I am putting a tip jar on my desk. I have decided that to reward me for doing my job, others should drop loose change in it. My paycheck is not reward enough.
Rather than saying thank you, or giving me a pat on the back, I will just take the CASH VALUE. What do you think the cash value of the phrase “great job” might be? A quarter? A couple of dimes and a stray penny, perhaps?
Spare coins can add up. After a week or so, I may be able to buy a soda or spring for lunch in the cafeteria. This tip jar is going to be great.
I must admit this is not my own idea. I pilfered it from any number of tip jar entrepreneurs that are sprouting up around the country. There are tip jars everywhere. Coffeehouses, smoothie places, that little spot on the corner where you can pick up a slice of pizza… even Subway. If it is appropriate to have tip jars there, then why not in my office on my desk?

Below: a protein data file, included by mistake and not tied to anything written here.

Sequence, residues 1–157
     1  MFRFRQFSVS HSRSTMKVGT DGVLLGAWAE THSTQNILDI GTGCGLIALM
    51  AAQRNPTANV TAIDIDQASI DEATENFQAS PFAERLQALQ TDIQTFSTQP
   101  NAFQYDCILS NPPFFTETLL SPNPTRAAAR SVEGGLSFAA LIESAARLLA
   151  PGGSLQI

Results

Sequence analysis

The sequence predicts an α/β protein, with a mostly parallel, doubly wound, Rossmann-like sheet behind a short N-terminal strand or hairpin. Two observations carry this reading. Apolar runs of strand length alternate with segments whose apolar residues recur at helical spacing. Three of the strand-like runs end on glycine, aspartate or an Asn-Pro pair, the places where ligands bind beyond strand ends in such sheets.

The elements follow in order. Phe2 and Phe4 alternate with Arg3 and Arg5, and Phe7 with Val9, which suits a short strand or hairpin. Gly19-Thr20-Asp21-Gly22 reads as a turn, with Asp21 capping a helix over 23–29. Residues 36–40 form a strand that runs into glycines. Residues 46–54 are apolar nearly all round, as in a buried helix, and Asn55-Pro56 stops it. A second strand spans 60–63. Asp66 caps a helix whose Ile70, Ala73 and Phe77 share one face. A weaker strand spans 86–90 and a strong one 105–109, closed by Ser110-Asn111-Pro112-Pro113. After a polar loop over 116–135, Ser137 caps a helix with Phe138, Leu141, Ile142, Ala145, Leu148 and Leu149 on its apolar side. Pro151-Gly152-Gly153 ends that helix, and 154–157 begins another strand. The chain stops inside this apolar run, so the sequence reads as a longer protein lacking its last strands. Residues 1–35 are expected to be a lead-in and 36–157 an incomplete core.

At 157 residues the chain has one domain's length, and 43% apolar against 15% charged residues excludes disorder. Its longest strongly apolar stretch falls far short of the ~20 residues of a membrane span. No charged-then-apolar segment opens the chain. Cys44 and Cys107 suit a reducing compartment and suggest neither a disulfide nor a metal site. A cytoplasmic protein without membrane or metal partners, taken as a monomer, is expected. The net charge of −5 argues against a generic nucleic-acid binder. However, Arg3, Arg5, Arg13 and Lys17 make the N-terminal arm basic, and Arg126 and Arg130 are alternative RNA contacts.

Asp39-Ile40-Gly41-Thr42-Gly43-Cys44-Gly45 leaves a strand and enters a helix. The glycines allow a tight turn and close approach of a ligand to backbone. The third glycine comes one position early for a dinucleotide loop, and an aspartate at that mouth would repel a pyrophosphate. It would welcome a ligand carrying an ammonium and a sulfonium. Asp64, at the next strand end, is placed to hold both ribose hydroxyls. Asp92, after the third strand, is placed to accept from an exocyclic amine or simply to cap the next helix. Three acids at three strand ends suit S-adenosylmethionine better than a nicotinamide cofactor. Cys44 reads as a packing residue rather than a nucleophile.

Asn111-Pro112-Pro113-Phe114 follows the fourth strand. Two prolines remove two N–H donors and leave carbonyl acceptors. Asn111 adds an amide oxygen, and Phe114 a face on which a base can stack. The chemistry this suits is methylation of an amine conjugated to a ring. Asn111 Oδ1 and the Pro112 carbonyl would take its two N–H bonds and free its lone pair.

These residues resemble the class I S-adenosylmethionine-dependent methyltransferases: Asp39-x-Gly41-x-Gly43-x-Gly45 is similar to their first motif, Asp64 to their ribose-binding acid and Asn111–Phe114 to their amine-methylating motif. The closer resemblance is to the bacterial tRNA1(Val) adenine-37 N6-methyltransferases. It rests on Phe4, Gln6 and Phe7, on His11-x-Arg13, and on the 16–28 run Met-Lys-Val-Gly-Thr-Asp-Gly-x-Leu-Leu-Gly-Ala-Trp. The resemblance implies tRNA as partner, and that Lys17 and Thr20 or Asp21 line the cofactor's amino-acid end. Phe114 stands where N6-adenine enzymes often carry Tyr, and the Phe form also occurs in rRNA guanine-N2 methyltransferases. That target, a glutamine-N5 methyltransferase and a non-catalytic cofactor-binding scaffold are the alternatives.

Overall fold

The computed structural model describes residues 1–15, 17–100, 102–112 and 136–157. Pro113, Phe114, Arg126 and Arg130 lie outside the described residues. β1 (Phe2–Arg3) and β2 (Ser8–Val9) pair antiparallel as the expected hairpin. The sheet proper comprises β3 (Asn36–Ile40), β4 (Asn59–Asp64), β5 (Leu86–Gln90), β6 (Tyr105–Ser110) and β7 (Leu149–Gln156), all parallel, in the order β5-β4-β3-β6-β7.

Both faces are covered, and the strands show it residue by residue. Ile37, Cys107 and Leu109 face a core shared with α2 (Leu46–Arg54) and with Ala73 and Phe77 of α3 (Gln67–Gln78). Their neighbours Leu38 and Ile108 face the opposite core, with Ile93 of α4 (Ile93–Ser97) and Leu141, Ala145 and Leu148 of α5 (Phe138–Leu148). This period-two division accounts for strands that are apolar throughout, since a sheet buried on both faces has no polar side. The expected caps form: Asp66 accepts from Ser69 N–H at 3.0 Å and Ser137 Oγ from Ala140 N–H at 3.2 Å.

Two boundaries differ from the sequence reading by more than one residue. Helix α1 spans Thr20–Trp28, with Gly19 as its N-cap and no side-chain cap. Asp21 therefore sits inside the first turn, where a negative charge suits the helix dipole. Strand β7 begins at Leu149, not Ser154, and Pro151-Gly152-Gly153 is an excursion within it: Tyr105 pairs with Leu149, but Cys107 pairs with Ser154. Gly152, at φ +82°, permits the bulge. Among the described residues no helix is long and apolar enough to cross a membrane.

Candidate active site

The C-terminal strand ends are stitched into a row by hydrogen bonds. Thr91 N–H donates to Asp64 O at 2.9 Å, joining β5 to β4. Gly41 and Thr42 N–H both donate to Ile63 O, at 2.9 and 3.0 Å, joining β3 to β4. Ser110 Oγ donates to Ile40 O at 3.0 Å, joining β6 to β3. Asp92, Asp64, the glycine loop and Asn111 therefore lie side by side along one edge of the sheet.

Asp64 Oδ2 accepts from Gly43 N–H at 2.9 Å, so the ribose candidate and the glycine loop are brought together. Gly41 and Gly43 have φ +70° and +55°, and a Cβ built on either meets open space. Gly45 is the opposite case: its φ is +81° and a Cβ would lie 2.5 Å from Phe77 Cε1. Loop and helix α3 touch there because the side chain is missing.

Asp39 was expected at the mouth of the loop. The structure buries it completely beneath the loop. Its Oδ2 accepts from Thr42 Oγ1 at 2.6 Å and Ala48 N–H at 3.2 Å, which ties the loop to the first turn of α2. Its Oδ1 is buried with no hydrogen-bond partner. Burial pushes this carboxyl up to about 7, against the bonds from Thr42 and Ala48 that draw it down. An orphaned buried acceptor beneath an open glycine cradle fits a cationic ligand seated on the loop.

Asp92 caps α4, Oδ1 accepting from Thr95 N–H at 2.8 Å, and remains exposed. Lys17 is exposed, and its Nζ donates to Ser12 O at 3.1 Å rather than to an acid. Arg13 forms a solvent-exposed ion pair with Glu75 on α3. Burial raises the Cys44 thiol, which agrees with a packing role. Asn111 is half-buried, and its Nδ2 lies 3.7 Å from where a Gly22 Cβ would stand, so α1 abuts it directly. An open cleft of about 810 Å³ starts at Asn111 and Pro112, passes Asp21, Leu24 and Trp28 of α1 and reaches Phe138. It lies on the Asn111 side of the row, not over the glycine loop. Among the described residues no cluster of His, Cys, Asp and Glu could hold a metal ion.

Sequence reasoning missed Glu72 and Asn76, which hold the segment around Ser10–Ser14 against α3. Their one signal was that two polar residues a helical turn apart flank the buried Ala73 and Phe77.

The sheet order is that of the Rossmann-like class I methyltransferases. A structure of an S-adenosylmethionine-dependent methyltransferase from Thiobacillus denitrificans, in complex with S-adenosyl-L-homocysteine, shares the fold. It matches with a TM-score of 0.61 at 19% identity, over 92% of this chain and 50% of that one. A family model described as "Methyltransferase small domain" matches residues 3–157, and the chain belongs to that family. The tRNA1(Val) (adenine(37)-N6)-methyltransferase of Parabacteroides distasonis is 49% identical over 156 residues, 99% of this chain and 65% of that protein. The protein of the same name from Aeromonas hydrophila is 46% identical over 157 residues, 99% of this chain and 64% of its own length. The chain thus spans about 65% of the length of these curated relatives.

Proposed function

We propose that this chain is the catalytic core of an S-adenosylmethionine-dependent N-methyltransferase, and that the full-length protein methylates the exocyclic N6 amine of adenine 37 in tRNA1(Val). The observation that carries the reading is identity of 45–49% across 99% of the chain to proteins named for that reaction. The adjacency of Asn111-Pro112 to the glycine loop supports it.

Tipping experts insist that tipping in the afore-mentioned situations is not only unnecessary but it is ridiculous. Many tip guides offer advice on when tipping is appropriate:
· Restaurant service… where you sit down and they bring you your dinner, refill your beverages, replace the fork you dropped and clean up after you… deserves tipping.
· A great haircut is worthy of a tip.
· Tipping the bellman who carries your luggage to your hotel room is altogether appropriate.
But in a day and age when nobody seems to be paid enough for the contribution they are making to the world or just to your day, I don’t want to get lost in the shuffle.
I am putting a tip jar on my desk. (I’ll let you know how it goes.)